For all this to succeed, comprehensive data alone is not sufficient. Automated vehicles must know how to assess their environment and react to situations. In the artificial intelli­gence of automated vehicles, algorithms and methods of machine learning are responsi­ble for this: with DigiNet-PS, for example, the enormous amounts of data are collected, analysed and annotated using the FOKUS solution "ITEF" (Integrated Testing and Evalua­tion Framework) and automated labelling software. They serve deep neural net­works of the vehicles as a database to derive successful and unsuccessful strategies for action and to apply this learned knowledge later in traffic situations.

The continuous development of the vehicle software and thus the central learning ability of the algorithms is only one of the goals of this complex project. "We are also making the large volume of aggregated data available for the development of novel solutions," emphasizes Prof. Dr. Dr. h.c. Sahin Albayrak, Executive Director of the DAI Laboratory at the TU Berlin. In parallel projects, a "smart parking assistant" is for example being developed. But DigiNet-PS does not only serve the numerous project partners of the Berlin AI scene as a "test world for city traffic of the future". Companies and scientists from all over the world are invited to put their developments and innovations through their paces here in order to make traffic better, faster, more comfortable and above all safer thanks to intelligent mobility.

© HELLA Aglaia

AI - trendsetter of the economy

While the research work at SAFARI or DigiNet-PS is still in full bloom, some innovations of Intelligent Mobility are already successfully in use. For example, the Berlin subsidiary of the lighting and electronics specialist "HELLA GmbH & Co. KGaA“ has for years been developing hardware and software which enables machines to see intelligently. Based on the prem­ise of "a good view and good visibility in every situation", camera-based driver assis­tance systems are already in use today which record and evaluate the vehicle environ­ment and thus take automatic interactive measures. “Brighter AI", a spin-off of "HELLA Inkubator", is also pursuing the same goal. The Berlin start-up goes one step further with its system: using innovative deep learning methods, it "calculates" poor visibility and weather conditions from the image, such as rain, fog or poor lighting. For example, a true-to-life daylight version of an unclear night shot is reconstructed to replace it and make the photo or video more clearly recognizable.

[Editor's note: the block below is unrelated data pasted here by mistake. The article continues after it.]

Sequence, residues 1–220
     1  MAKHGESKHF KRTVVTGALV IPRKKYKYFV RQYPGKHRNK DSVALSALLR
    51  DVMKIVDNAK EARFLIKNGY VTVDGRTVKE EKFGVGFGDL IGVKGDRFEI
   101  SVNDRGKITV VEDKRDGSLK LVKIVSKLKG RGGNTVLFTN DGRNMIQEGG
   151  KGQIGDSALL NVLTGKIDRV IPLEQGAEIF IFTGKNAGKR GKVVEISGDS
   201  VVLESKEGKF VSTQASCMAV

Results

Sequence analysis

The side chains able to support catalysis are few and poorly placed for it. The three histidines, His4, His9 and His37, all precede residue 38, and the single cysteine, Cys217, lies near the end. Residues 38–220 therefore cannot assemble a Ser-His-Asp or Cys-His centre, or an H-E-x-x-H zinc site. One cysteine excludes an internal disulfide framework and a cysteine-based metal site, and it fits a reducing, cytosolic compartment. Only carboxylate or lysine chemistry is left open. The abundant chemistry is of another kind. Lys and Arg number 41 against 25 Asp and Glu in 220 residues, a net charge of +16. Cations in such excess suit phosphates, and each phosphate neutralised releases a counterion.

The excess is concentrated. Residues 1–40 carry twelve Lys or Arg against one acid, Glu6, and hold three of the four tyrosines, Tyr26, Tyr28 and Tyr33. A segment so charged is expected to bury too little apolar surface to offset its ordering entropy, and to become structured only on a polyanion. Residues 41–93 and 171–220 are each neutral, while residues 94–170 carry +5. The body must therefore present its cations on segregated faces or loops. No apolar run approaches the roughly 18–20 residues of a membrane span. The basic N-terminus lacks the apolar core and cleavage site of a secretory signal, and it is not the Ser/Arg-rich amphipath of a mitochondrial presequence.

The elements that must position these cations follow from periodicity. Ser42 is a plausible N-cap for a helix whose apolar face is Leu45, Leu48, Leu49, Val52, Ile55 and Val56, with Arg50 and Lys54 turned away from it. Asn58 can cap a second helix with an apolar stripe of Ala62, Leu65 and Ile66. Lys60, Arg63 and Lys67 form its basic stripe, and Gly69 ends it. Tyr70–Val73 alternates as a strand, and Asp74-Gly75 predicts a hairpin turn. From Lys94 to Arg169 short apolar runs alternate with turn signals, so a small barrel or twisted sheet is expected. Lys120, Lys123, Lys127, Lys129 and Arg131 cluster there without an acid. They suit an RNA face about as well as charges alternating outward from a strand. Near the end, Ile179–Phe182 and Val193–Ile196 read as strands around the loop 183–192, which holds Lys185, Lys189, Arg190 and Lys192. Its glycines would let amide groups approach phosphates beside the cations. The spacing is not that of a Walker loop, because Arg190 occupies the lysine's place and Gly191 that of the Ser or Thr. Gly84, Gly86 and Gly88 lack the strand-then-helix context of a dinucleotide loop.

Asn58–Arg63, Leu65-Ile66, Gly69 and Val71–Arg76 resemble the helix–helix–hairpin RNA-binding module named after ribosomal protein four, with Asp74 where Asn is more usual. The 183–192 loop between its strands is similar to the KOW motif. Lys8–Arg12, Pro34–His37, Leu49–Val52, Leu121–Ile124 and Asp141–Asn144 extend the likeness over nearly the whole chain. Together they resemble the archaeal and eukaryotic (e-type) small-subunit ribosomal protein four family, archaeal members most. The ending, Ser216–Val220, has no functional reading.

The car and ride-sharing capital

The great innovative strength of science and industry in the German capital is also reflected in the data-based free-floating car and ride sharing services. No less than three such systems are in use in Berlin. One of these is the "Free2Move" app, which allows all car sharing companies to be booked with a single click. Regardless of whether a car, motor scooter or bicycle is involved - a map shows which vehicle is available nearby. In addition, the customer can compare prices, locations and features such as the number of seats, drive technology and more.

The special feature of free-floating systems is easily explained: unlike earlier car sharing models, the rental vehicle is not linked to a fixed station, but can be loaned and parked anywhere within a defined urban area via smartphone. The charges are made by the minute; fuel money and parking fees are included. The vehicles which can be used are suggested on the basis of data from the vehicles participating in the transport system. To do this, the vehicle must be located: this works by means of so-called floating car data (FCD) procedures, which turn small cars into mobile sensors and software agents. They provide data not only on the state of the vehicle, but also on the surroundings while the vehicle is standing, for example in traffic jams, in front of traffic lights or in a waiting area. However, the collection of data is only one aspect. In order to find out movement patterns of the vehicles, to predict local demand and thus to better plan the deployment and utilization of the vehicles, the data are analysed using algorithms and systems of machine learning. For Stefan Weigele of the “civity” strategy consultancy, the potential of the innovative systems is undisputed: "Free-floating systems have taken car sharing out of its ecological corner and made it accessible to a broad, pragmatic urban milieu.”